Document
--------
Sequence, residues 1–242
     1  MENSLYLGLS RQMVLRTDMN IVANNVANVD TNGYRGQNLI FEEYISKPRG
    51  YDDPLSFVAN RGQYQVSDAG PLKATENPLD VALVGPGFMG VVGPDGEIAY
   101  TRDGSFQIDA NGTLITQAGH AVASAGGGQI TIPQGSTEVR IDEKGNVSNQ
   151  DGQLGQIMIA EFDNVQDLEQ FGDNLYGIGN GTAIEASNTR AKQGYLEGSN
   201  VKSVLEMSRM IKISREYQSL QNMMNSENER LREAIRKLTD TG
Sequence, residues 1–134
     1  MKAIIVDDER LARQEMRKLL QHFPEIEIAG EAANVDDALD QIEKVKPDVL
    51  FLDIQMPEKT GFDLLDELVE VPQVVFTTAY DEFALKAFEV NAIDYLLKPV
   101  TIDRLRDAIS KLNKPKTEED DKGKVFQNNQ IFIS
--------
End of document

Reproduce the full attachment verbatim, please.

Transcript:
Sequence, residues 1–242
     1  MENSLYLGLS RQMVLRTDMN IVANNVANVD TNGYRGQNLI FEEYISKPRG
    51  YDDPLSFVAN RGQYQVSDAG PLKATENPLD VALVGPGFMG VVGPDGEIAY
   101  TRDGSFQIDA NGTLITQAGH AVASAGGGQI TIPQGSTEVR IDEKGNVSNQ
   151  DGQLGQIMIA EFDNVQDLEQ FGDNLYGIGN GTAIEASNTR AKQGYLEGSN
   201  VKSVLEMSRM IKISREYQSL QNMMNSENER LREAIRKLTD TG
Sequence, residues 1–134
     1  MKAIIVDDER LARQEMRKLL QHFPEIEIAG EAANVDDALD QIEKVKPDVL
    51  FLDIQMPEKT GFDLLDELVE VPQVVFTTAY DEFALKAFEV NAIDYLLKPV
   101  TIDRLRDAIS KLNKPKTEED DKGKVFQNNQ IFIS